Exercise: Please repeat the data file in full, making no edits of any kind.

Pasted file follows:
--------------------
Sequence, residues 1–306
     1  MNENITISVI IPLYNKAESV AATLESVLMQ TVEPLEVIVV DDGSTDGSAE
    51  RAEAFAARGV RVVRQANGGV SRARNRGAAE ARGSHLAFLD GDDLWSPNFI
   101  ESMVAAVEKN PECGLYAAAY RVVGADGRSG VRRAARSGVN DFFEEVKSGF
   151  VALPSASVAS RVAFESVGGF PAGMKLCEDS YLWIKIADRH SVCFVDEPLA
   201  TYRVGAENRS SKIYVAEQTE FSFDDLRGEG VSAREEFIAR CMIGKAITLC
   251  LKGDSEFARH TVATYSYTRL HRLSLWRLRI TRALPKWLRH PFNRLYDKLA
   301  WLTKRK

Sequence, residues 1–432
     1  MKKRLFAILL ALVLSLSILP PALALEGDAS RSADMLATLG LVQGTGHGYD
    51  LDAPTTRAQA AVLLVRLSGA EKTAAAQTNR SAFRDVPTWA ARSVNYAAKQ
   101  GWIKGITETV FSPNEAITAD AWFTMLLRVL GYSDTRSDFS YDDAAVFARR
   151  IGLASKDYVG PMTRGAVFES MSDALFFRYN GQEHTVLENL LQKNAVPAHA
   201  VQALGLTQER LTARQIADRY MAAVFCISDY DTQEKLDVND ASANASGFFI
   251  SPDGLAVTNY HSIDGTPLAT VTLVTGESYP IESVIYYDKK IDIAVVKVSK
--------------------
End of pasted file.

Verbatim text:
Sequence, residues 1–306
     1  MNENITISVI IPLYNKAESV AATLESVLMQ TVEPLEVIVV DDGSTDGSAE
    51  RAEAFAARGV RVVRQANGGV SRARNRGAAE ARGSHLAFLD GDDLWSPNFI
   101  ESMVAAVEKN PECGLYAAAY RVVGADGRSG VRRAARSGVN DFFEEVKSGF
   151  VALPSASVAS RVAFESVGGF PAGMKLCEDS YLWIKIADRH SVCFVDEPLA
   201  TYRVGAENRS SKIYVAEQTE FSFDDLRGEG VSAREEFIAR CMIGKAITLC
   251  LKGDSEFARH TVATYSYTRL HRLSLWRLRI TRALPKWLRH PFNRLYDKLA
   301  WLTKRK

Sequence, residues 1–432
     1  MKKRLFAILL ALVLSLSILP PALALEGDAS RSADMLATLG LVQGTGHGYD
    51  LDAPTTRAQA AVLLVRLSGA EKTAAAQTNR SAFRDVPTWA ARSVNYAAKQ
   101  GWIKGITETV FSPNEAITAD AWFTMLLRVL GYSDTRSDFS YDDAAVFARR
   151  IGLASKDYVG PMTRGAVFES MSDALFFRYN GQEHTVLENL LQKNAVPAHA
   201  VQALGLTQER LTARQIADRY MAAVFCISDY DTQEKLDVND ASANASGFFI
   251  SPDGLAVTNY HSIDGTPLAT VTLVTGESYP IESVIYYDKK IDIAVVKVSK